With Alistair Darling standing down from the House of Lords, is it time to consider term limits for peers?
John O’Connell, chief executive of the TaxPayers’ Alliance, says YES.
The House of Lords needs to be reformed. It is too big, too opaque, and too expensive.
With Alistair Darling deciding to stand down from the Lords, there is an opportunity to consider introducing term limits for all. It’s an appealing idea — too many peers undermine the House, clinging on to the title and turning up to claim their allowance while rarely doing much proper work. So why not serve them with a retirement date?
It’s not the only idea on the table. What about an electoral college, with the number of peers capped and refreshed after an election to reflect party vote share? Or a German-style Bundesrat, filled with one elected individual from each council to give us a dollop of localism? Or retiring peers with a one-in-two-out system, establishing new convention and slimming down our bloated upper chamber without overhauling the UK constitution?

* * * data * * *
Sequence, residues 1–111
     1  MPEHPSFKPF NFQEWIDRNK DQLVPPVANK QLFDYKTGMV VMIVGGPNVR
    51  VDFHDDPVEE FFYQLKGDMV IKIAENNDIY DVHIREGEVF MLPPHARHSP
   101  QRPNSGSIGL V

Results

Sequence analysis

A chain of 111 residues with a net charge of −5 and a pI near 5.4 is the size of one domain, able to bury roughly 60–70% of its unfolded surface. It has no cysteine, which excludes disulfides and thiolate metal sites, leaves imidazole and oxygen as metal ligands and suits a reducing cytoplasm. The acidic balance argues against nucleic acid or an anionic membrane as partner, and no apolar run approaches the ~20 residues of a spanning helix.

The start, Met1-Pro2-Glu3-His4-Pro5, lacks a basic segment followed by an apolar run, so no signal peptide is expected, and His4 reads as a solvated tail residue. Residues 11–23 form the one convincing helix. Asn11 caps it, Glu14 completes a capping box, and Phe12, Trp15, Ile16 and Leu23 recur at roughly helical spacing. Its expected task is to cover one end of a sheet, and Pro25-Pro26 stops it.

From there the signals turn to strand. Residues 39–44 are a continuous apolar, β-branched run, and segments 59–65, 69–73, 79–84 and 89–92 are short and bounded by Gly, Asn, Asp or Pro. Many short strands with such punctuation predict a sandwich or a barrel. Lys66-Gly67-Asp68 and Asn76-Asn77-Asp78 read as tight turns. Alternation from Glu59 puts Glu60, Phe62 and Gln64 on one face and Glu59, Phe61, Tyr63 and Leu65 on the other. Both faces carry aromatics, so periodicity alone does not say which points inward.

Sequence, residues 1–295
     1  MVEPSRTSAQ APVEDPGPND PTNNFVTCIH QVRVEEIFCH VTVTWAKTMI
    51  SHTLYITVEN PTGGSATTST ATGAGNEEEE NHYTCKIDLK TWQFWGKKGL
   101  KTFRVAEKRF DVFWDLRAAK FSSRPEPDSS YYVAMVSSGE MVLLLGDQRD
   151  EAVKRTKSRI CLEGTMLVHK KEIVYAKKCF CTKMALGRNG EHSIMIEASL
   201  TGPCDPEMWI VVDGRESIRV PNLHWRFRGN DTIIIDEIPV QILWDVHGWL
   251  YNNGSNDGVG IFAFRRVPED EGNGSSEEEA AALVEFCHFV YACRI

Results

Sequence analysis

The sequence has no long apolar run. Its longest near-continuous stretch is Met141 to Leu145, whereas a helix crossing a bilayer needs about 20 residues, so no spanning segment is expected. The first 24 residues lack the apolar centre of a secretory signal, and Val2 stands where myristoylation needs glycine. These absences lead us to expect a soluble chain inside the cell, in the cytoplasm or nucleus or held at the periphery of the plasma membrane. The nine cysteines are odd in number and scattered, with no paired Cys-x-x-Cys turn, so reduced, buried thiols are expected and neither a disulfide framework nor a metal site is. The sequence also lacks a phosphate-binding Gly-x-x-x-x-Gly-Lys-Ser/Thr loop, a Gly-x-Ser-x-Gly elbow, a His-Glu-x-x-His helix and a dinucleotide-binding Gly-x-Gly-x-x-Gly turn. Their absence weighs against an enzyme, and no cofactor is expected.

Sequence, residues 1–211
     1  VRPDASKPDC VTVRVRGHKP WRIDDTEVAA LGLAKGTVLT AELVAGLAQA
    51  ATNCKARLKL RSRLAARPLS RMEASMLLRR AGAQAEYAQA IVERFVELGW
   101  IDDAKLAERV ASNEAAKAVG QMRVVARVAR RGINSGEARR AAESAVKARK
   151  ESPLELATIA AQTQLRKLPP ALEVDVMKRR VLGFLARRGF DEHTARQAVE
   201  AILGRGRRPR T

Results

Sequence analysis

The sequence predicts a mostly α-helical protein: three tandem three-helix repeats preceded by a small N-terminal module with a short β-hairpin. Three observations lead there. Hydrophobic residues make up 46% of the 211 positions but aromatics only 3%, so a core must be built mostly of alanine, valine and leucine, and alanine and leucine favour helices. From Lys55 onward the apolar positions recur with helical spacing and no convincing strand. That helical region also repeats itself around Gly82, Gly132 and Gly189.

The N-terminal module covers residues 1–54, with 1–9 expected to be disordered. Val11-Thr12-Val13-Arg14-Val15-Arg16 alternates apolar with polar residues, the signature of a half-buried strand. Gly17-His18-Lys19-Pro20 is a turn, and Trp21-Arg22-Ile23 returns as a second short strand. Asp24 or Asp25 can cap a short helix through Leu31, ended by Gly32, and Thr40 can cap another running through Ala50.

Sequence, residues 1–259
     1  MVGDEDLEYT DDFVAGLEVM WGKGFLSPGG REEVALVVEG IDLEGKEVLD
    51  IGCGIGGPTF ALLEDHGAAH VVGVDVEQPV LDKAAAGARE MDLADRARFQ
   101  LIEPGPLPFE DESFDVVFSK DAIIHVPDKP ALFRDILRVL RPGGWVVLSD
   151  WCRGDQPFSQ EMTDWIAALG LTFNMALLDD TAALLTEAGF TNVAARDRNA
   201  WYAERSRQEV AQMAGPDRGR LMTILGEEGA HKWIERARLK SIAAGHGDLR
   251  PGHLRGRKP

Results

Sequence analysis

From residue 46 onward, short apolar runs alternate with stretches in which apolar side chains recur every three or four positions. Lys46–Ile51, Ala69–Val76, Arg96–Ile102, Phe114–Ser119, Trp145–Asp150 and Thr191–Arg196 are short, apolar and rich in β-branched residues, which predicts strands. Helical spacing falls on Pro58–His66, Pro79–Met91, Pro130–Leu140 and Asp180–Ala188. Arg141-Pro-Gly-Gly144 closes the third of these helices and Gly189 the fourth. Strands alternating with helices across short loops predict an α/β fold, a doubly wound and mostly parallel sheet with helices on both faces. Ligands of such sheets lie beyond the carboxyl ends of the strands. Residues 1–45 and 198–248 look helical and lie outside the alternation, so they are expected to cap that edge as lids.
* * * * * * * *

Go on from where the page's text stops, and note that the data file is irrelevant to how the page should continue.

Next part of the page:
Taxpayers could get much better value from a tweaked system — one that didn’t require them to pay for the second largest legislative body in the world, stacked with absent appointees. It’s a question of when, not if, reform will come.
John Oxley, a Conservative commentator, says NO.
The House of Lords is the largest repository of institutional memory in the world. Its longest serving member, Lord Denham, succeeded under Clement Atlee and has served in the cabinets of five Prime Ministers.
Such stalwarts are a vital part of the Lords’ work.
As the senior chamber, and a reviewing chamber, the Lords should be insulated from fads and modish thinking. While the Commons must remain captive to the electoral cycle, the Lords should have its eyes fixed on the longue durée.
Appointments for life allow for a more mature and balanced chamber, thinking of more than how to make their mark in their allotted time. The Lords should not be focused on a 15-year term, but rather the long-term stewardship of the nation.
An automatic churn of peers would only dilute the expertise therein. Lords would be arbitrarily expelled in their prime, and there would be no space for the understanding of government that can be built from a lifetime of service.
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